Semitics


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Related to Semitics: semiotics

Se·mit·ics

 (sə-mĭt′ĭks)
n. (used with a sing. verb)
The study of the history, languages, and cultures of the Semitic peoples.

Se·mit′i·cist (-ĭ-sĭst), Sem′i·tist (sĕm′ĭ-tĭst) n.

Semitics

(sɪˈmɪtɪks)
n
1. (Peoples) (functioning as singular) the study of Semitic languages and culture
2. (Languages) (functioning as singular) the study of Semitic languages and culture
Semitist n

Se•mit•ics

(səˈmɪt ɪks)

n. (used with a sing. v.)
the study of Semitic languages, literature, etc.
[1870–75, Amer.]
Sem•i•tist, n.

Semitics

the study of Semitic languages and culture. — Semitist, Semiticist, n.
See also: Language
the study of Semitic languages and culture. — Semitist, Semiticist, n.
See also: Judaism
References in classic literature ?
The teaching of the Semitic religions, "Do good to others that you may benefit at their hands," does not occur in their pages, nor any hints of sensuous delights hereafter.
As counter-examples, there are numerous schools of Buddhism, some of which DO offer a type of heaven; and the Confucian ideal of reciprocity can easily be, and often has been, misinterpreted in the same way as Semitic religions.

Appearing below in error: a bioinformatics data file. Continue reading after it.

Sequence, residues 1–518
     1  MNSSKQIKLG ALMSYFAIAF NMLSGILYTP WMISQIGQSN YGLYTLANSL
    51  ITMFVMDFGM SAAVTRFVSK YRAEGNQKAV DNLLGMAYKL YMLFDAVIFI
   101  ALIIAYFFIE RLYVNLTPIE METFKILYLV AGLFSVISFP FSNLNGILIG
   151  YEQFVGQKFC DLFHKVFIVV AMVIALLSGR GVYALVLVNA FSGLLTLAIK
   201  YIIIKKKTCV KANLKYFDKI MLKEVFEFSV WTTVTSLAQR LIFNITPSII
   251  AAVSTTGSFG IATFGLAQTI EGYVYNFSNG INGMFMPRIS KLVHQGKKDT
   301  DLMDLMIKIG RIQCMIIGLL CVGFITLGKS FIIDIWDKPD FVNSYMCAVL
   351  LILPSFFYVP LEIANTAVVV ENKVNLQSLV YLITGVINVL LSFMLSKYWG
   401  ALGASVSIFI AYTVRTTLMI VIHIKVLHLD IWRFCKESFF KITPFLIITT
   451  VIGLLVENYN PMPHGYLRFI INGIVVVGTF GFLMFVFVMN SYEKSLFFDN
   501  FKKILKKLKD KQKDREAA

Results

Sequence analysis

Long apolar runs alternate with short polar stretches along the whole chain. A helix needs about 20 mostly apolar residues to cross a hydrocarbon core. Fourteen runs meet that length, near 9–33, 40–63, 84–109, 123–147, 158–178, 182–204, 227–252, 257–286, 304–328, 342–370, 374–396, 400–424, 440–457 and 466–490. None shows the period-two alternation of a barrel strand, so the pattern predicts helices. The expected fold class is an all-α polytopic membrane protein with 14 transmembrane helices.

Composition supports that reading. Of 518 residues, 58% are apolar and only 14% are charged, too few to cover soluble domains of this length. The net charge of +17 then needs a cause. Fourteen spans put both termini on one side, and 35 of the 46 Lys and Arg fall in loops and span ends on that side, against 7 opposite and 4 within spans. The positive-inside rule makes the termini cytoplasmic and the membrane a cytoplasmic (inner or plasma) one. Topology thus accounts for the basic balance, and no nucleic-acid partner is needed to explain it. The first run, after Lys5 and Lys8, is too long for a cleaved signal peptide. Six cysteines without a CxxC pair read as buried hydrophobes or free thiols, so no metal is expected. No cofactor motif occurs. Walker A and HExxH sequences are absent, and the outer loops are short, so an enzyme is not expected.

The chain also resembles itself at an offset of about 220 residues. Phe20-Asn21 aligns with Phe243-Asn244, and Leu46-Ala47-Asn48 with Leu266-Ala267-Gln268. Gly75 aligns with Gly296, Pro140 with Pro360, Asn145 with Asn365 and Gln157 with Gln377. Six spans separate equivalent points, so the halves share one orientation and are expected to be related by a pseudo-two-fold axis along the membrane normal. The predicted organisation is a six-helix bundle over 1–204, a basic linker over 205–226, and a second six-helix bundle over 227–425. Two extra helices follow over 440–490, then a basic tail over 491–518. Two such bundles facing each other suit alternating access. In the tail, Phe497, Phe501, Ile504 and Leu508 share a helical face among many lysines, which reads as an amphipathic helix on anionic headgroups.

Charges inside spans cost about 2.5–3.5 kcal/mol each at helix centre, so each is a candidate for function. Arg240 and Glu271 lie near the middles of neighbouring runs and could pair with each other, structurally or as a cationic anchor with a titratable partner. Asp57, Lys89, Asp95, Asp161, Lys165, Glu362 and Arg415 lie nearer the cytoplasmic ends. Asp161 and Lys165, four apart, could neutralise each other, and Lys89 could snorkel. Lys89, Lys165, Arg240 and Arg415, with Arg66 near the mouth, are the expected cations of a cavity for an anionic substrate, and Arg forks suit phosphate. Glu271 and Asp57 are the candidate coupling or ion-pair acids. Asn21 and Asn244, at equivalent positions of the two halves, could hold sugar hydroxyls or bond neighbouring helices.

Hello, King o' Babylon," was Van Horn's greeting, for so he had named him because of fancied Semitic resemblance blended with the crude power that marked his visage and informed his bearing.
The Abyssinians themselves are a fine looking race of black men--tall, muscular, with fine teeth, and regular features, which incline distinctly toward Semitic mold--I refer to the full-blooded natives of Abyssinia.
Incidentally, we are never told why Landsberger, who knew many languages, rejected the Comparative Semitics approach.
401-30) surveys the past and potential future contributions that the study of the 30-odd modern South Semitic languages can make to Comparative Semitics.
the so-often redefined and rejected apparent truism that every beginner in Semitics learns, namely that Semitic languages treat consonants differently from vowels, and that consonants carry the lexico-semantic component while vowels serve to form the grammatical component of a word.
We can only trust that this tome, with so many high-quality contributions, will serve as the inspiration to attract new specialists to Semitics.
Direct genealogical relationship, as in the Romance languages, is a rare exception and also for this reason cannot usefully be applied to Semitics.
All the recent discoveries in the Near East, which cover the entire range of Semitic languages, have had an unsurprising by-product: they have shown how tremendous the gaps in our knowledge are and that everything we learn is just the prelude to new problems.
The subjects dealt with are: a survey of the Semitic languages (pp.
Prime sources of information are the older Semitic languages.